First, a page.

Colour Match Puzzles

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Several different puzzles can be made using copies of the same tile with different colourations.

You could simply paint the patterns on 1" tiles, or use individual triangles for the first set and 1/2" squares for the second.

 

Make 24 square tiles and colour their edges in every permutation of 3 colours, as shown below. This set of pieces is often called the MacMahon Squares.

Kadon Enterprises makes a set of these tiles.

 

Make 24 square tiles and colour their corners in every permutation of 3 colours, as shown below.

Kadon Enterprises makes a set of these tiles.

 

 

 

Puzzle 1: Fit the 24 pieces into the grid below so that all edge colours match.

 

Hover over the grid below for a solution:

 

Puzzle 2: Fit the 24 pieces into the grid below so that all edge colours match, but with the perimeter of the rectangle in a single colour.

 

Hover over the grid below for a solution:

 

 

Puzzle 1: Fit the 24 pieces into the grid below so that all edge colours match.

 

This puzzle is harder than the MacMahon puzzles due to having two colours on each edge.

 

Hover over the grid below for a solution:

 

 

A set using four different colours contains 70 pieces as shown below.

Kadon Enterprises makes a set of these tiles.

 

 

 

Equivalent pieces can be made from polyominoes, with each colour represented by a different interlocking pattern, as shown below. The pieces are not allowed to be turned over. 36 unit squares can be made to represent four different colours.

 

Solution using a set of polyomino pieces with 3 different edge designs.

 

 

Similar sets can be made from polytans (pieces constructed from right isosceles triangles). Again, the pieces may not be turned over.

 

 

More MacMahon Musings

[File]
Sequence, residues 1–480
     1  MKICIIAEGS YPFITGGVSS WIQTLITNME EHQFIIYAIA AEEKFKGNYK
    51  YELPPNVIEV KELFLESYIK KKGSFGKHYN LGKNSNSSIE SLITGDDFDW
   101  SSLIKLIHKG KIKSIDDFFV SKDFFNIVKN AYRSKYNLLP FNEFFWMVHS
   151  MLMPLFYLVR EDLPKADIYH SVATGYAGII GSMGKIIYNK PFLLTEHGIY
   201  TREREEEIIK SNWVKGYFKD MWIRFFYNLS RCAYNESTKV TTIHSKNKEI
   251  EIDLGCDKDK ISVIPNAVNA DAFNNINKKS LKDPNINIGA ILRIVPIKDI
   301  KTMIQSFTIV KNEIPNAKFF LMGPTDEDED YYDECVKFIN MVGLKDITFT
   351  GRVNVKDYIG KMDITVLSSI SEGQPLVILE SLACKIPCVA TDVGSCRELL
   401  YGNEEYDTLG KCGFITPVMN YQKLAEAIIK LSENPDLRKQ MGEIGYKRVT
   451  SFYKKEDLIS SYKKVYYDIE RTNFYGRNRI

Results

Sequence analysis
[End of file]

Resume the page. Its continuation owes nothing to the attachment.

I thought that I could easily make polyiamond and polyhex versions of the same pieces, but soon discovered that I was wrong. Skewing the square to make a rhombus means that obtuse and acute versions of the same cycle of colours are needed in some cases. I found that if I allowed the pieces to be turned over, there were 27 tiles which can form a hexagon and other symmetric patterns.

More information about this new puzzle may be found at Abaroth's Rhombi

 

Kate Jones from Kadon Enterprises contacted me to say their Grand Snowflake puzzle was equivalent to the "MacMahon" Squares in four colours. The puzzle is shown to the right - click it to link to Kadon's page. After some thought, I discovered it was not the same, since the pieces with heart-shaped connectors connect to the opposite "colour". The 4 +hearts piece can sit next to the 4 -hearts piece. This got me thinking that there must be a third variation on the puzzle. The piece connections for each are shown below

"MacMahon" Squares: A --> A, B --> B, C --> C, D --> D

Grand Snowflake:      A --> A, B --> B, C --> D, D --> C

Abaroth's Squares:    A --> B, B --> A, C --> D, D --> C

 

The puzzle can be solved with no restriction as to which pieces make up the edges. I will post any further information regarding this latest idea as I find it.

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